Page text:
Senior management has many options when directing their management team and direct reports. One common method is dictating assignments and monitoring staff as they follow orders. Some dictatorial managers may even micromanage staff at each step due to a lack of trust. Other managers may set objectives and have regular reporting by the staff on individual activities. These are more of a military style of management, or as I describe them, “ruling by the golden rule” which is “I got the gold and I set the rules!” These methods may work but they do not encourage agility or creativity in the organization. In fact, it is possible these styles will reduce these needed skills across the organization.
Some senior managers with a lesser understanding of a project’s steps manage by simply passing out tasks expecting staff to accomplish the assignments. These managers have developed a level of trust in the staff, but they may not be drawing the maximum benefit because their staff will work as individuals. More agile executives recognize that drawing from all the employees and enabling them to participate in building a company often improves performance. Part of being an agile leader means enhancing the agility and flexibility in staff.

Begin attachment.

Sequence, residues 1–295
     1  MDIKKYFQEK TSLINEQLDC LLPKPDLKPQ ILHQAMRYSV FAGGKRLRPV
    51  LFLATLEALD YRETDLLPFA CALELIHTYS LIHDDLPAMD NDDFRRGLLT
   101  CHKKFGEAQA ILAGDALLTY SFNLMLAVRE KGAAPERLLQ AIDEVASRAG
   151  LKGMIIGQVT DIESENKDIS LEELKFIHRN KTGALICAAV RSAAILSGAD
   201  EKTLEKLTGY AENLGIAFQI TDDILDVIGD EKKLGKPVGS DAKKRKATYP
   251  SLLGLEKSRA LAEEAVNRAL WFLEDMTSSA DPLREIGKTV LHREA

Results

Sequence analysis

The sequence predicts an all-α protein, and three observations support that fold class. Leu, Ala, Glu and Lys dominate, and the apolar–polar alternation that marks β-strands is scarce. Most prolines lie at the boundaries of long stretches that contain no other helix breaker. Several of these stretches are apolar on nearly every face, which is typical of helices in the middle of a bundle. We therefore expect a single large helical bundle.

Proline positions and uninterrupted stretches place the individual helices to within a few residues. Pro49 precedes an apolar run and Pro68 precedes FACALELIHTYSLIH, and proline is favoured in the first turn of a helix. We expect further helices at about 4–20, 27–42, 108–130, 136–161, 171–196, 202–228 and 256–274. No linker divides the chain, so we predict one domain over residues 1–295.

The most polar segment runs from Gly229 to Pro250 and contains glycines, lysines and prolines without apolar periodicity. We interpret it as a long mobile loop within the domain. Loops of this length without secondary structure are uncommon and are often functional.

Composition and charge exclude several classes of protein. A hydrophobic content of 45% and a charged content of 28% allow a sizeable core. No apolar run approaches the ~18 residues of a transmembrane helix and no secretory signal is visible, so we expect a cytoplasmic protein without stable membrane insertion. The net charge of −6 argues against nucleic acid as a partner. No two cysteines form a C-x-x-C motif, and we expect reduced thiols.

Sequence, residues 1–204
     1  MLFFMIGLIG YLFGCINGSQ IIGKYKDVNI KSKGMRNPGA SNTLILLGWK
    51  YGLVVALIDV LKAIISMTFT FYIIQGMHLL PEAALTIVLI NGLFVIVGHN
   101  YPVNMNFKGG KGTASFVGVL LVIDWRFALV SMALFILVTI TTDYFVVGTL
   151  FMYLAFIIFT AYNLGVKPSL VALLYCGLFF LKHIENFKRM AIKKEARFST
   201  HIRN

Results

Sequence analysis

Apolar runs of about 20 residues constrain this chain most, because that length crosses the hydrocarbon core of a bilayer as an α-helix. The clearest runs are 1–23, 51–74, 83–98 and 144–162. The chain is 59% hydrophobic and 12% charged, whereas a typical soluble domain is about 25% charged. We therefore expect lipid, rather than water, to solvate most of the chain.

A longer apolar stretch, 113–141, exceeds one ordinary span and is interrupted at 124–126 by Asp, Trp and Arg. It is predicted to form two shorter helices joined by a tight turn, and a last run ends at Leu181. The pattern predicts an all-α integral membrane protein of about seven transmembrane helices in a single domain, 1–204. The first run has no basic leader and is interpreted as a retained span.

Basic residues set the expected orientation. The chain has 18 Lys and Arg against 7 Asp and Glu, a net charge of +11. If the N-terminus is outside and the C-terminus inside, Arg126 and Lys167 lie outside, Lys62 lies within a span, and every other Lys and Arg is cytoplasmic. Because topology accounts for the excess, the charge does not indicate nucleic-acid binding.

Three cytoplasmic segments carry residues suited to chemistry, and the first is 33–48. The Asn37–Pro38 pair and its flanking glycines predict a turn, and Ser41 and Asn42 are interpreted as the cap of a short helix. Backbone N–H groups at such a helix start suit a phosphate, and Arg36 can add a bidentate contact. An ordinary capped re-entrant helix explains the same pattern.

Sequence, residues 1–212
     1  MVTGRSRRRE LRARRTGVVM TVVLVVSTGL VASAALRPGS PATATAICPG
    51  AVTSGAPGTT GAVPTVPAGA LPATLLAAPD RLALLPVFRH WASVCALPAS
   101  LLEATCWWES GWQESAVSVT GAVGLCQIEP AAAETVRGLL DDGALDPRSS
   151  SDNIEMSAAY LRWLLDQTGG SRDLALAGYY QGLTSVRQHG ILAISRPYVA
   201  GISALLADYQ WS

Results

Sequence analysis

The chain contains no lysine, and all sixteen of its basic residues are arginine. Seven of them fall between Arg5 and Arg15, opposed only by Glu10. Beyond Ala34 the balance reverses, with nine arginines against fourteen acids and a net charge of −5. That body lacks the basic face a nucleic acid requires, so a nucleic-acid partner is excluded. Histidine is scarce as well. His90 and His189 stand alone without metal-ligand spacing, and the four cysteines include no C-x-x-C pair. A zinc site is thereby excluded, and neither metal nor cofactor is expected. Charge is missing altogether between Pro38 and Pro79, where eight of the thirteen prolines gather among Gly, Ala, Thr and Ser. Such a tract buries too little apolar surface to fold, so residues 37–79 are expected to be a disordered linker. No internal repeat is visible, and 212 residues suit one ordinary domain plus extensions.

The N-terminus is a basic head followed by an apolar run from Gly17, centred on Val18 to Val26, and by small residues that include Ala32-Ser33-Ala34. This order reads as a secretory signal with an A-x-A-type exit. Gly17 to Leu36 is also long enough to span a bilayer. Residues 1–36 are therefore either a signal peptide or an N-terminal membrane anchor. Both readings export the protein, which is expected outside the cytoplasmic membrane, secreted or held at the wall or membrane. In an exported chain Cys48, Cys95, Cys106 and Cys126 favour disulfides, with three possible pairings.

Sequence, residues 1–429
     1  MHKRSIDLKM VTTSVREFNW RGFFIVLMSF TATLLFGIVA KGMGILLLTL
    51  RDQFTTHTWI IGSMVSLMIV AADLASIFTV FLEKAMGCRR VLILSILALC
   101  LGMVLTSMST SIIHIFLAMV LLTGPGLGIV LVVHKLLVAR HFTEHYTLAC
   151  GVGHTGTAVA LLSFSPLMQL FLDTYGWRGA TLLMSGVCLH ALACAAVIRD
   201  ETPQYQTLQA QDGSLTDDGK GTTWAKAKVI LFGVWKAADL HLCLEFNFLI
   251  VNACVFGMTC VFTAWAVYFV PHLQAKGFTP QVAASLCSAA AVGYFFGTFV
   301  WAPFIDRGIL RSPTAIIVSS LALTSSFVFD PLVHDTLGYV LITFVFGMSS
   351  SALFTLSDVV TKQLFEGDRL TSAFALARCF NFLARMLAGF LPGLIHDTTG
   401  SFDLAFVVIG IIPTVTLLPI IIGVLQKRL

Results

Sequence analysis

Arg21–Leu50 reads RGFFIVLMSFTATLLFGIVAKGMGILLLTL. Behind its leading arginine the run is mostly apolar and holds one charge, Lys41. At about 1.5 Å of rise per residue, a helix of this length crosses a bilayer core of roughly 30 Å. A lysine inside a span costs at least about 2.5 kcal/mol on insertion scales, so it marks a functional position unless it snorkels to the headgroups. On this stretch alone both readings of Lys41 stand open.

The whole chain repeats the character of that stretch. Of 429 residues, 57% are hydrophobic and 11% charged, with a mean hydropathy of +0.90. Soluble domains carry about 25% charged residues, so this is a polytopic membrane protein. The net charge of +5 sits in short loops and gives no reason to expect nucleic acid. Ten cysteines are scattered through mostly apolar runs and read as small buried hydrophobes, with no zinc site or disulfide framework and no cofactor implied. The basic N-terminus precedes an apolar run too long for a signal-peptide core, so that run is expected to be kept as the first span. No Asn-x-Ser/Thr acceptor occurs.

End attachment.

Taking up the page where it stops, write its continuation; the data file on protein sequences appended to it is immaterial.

It is the key responsibility of senior management to establish a vision and direction for a company. Learning to communicate the vision is essential. Everyone working for the company needs to understand the ultimate goals and strive to achieve them. Getting everyone to contribute fully to work towards a vision requires agility, creativity, and continual encouragement. Full contribution means the staff uses their creativity and imagination as well as their hands. Learning to be more agile in ones thinking requires recognition that we do not know everything and that that there are many ways to achieve a vision. In fact, agility requires awareness that visions often require modification or redirection to build a superior company. Encouraging the staff to contribute enhances options and ideas that may take the business further than a single individual might achieve.
Agile leaders realize “we do not know what we do not know.” They try to be more flexible and encourage greater staff participation to ensure things are not missed. A great example was presented in a recent lecture by L. David Marquet, author of “Turn the Ship around.” While serving as a naval ship commander, he gave an order that was impossible to follow. This was a result of lack of familiarity with a ship that he was newly assigned to command. The crew was highly trained and oriented to follow orders without question. They were also reluctant to provide any feedback or question authority. Mr. Marquet’s realization of the need to change and force the crew to be stronger contributors resulted in a ship with one of the worst records in the navy to one of the best records. It is this ability to unify and draw from the each of the team members that takes them to new performance highs.